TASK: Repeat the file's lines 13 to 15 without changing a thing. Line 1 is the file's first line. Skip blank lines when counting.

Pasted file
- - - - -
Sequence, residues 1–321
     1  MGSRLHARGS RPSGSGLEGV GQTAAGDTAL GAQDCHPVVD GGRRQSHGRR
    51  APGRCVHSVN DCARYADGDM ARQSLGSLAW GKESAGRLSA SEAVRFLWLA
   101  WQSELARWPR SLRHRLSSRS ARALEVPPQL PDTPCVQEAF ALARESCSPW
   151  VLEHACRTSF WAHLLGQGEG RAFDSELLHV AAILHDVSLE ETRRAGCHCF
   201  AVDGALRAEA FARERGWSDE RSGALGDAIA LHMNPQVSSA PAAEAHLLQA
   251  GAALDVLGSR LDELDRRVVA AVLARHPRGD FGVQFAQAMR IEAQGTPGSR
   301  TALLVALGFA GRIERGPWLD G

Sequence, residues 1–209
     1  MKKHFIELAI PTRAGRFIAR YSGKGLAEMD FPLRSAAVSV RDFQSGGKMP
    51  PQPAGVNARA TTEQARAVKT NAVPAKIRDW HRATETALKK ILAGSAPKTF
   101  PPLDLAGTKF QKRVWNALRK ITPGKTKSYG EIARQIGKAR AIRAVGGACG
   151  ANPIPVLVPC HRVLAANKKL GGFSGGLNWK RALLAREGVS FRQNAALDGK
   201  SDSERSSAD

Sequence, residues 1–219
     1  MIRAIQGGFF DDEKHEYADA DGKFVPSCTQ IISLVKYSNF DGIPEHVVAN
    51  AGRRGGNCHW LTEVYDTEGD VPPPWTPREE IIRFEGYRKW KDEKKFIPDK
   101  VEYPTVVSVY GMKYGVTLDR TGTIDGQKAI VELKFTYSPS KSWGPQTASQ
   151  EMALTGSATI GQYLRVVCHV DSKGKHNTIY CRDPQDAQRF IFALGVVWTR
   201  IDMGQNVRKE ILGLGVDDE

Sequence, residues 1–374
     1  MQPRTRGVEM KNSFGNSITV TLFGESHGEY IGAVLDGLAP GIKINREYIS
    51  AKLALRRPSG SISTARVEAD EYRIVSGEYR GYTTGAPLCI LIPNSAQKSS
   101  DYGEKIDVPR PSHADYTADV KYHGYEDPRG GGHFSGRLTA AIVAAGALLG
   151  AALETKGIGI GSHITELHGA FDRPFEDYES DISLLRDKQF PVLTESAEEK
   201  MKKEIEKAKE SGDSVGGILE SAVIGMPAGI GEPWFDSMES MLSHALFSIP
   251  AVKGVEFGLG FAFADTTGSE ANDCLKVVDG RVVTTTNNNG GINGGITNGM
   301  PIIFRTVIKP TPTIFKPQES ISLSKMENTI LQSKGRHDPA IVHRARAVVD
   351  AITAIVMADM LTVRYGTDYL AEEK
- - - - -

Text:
   151  ANPIPVLVPC HRVLAANKKL GGFSGGLNWK RALLAREGVS FRQNAALDGK
   201  SDSERSSAD

Sequence, residues 1–219